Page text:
I am the only person in my family to have ME that I know of. But I’ve heard that people with ME quite often have another family member with the disease. Is this true? If so, can someone with ME transmit it to their children? And has any research been carried out into the genetics of ME?
There is a considerable amount of anecdotal evidence, and some research evidence, of instances where more than one family member has developed ME/CFS. This obviously raises the possibility that there is a genetic predisposition to developing ME/CFS in some people – as happens in many other diseases such as some types of arthritis, cancer, heart disease. However, this does not mean that people with ME/CFS are going to pass on a ‘faulty gene’ to their children and that their children will then face a high risk of developing ME/CFS.
As you may be aware, the Medical Research Council and the National Insitute for Health Research have agreed to provide £3.2 million to fund a major research study (DecodeME) into the genetics of ME/CFS. The ME Association has been actively involved in all stages of development of this proposal and we are also represented on the patient participation group.
DecodeME will be collecting saliva samples from over 20,000 people with ME/CFS. The genetic material (DNA) in these samples will then be analysed by Professor Chris Ponting and his team at the University of Edinburgh. The main aim of this genetic study is to look at how genes are behaving in ME/CFS in relation to the way in which they help to control a wide range of biological activities that take place in the human body. But it may also provide some information on inheritability and susceptibility.
- Please sign-up to volunteer to the DecodeME genetics study.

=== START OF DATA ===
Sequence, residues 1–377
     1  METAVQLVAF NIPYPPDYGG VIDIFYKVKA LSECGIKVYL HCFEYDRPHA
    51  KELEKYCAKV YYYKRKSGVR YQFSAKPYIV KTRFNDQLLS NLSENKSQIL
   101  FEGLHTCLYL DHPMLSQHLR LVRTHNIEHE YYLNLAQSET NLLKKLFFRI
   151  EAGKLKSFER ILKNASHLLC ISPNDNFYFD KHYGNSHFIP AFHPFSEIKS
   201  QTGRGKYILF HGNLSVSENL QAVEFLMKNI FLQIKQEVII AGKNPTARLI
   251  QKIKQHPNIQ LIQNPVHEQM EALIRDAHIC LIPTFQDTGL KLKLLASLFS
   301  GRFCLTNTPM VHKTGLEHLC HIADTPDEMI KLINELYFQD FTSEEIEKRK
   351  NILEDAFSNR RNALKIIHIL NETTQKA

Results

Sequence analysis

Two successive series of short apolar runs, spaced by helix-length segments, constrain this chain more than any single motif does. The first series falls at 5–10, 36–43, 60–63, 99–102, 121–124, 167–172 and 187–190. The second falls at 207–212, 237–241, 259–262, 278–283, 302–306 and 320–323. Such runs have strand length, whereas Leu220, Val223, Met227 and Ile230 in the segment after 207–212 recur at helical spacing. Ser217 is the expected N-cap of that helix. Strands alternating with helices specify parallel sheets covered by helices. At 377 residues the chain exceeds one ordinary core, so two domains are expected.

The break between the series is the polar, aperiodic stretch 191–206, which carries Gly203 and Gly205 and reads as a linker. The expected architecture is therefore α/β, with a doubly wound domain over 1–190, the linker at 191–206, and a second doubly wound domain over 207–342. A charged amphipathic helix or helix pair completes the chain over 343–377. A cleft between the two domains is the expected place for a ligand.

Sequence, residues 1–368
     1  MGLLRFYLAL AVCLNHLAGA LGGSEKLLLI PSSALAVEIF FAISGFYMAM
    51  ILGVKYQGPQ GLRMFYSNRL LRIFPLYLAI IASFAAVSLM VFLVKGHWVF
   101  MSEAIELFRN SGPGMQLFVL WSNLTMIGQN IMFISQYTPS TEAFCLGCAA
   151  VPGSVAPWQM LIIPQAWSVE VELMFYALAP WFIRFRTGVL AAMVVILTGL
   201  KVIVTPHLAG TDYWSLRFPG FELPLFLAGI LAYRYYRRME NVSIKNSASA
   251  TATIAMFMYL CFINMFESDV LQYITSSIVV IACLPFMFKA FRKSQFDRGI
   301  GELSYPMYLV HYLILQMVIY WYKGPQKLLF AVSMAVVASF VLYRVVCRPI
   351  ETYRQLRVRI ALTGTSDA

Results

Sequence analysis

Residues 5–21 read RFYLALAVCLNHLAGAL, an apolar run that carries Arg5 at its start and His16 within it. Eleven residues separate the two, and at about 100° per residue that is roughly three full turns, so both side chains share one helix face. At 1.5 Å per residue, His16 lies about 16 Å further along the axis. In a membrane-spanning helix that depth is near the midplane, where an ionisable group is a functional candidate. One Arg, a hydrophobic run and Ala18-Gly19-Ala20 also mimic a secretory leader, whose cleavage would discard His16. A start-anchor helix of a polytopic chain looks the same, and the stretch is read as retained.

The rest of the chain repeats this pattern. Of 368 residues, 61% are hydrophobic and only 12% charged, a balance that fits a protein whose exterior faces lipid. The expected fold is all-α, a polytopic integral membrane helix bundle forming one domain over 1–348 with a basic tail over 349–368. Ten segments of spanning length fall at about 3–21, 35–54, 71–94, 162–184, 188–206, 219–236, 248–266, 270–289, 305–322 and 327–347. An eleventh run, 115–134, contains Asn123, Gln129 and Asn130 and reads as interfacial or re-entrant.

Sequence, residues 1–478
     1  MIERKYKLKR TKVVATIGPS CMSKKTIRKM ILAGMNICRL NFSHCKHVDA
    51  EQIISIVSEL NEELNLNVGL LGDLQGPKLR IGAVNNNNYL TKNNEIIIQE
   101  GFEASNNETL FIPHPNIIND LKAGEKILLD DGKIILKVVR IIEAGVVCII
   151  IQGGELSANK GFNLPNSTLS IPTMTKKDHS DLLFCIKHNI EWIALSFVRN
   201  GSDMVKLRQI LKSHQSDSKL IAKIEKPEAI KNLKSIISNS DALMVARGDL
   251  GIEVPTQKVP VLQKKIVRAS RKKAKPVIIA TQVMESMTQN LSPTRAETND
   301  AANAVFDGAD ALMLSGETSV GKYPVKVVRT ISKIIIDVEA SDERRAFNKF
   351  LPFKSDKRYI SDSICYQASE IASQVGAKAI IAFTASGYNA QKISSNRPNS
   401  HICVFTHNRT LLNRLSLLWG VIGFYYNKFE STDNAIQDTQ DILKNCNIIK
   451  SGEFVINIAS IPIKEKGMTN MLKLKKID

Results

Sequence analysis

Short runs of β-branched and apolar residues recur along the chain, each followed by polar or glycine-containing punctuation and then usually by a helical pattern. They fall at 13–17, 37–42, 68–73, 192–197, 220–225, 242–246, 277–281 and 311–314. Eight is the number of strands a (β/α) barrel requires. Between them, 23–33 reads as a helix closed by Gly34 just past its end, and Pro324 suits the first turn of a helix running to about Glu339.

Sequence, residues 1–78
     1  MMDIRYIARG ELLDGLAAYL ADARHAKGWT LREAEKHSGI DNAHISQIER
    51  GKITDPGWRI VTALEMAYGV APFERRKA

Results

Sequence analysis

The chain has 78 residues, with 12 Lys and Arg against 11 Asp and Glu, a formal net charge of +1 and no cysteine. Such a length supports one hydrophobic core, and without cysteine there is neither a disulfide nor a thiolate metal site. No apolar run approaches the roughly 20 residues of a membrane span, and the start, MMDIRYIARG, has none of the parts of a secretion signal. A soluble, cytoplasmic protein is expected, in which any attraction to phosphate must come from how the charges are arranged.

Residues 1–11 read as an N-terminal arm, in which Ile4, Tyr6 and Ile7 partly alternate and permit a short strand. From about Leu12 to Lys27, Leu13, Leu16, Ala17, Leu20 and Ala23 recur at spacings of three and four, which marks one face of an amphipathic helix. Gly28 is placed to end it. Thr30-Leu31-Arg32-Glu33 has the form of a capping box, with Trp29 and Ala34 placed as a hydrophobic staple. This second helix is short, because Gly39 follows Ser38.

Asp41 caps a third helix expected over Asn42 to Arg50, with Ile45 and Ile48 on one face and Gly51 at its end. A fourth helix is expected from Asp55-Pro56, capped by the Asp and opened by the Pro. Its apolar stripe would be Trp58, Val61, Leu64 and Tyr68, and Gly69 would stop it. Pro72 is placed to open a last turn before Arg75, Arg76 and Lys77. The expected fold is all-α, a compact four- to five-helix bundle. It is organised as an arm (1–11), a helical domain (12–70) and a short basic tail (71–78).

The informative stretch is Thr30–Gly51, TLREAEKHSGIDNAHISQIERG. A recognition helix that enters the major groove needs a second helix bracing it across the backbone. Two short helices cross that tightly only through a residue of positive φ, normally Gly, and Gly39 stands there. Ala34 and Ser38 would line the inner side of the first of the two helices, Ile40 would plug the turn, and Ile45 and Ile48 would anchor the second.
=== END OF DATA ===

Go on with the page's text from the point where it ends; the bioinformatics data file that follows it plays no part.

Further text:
- Research: Evidence for a heritable predisposition to Chronic Fatigue Syndrome | 2011.
- The ME Association has produced two free leaflets explaining ME/CFS in more detail:
- ME/CFS is a complex multisystem disease with a wide range of disabling symptoms. This factsheet provides information to help understand its symptoms and impact.
- A factsheet that explains what the research is telling us about ME/CFS. It considers triggers, symptoms, and the pathology that might cause and perpetuate this neurological condition.
Medical Matters is for information purposes only. The answers provided by Dr Shepherd and the ME Association’s other expert advisers should not be construed as medical advice. We recommend that any information you deem relevant is discussed with your GP as soon as possible. It is important to obtain advice from a GP who is in charge of your clinical care, who knows you well, and who can consider other likely causes for symptoms. Seek personalised medical advice whenever a new symptom arises, or an existing symptom worsens. Don't assume that new or worsened symptoms are a result of having ME/CFS.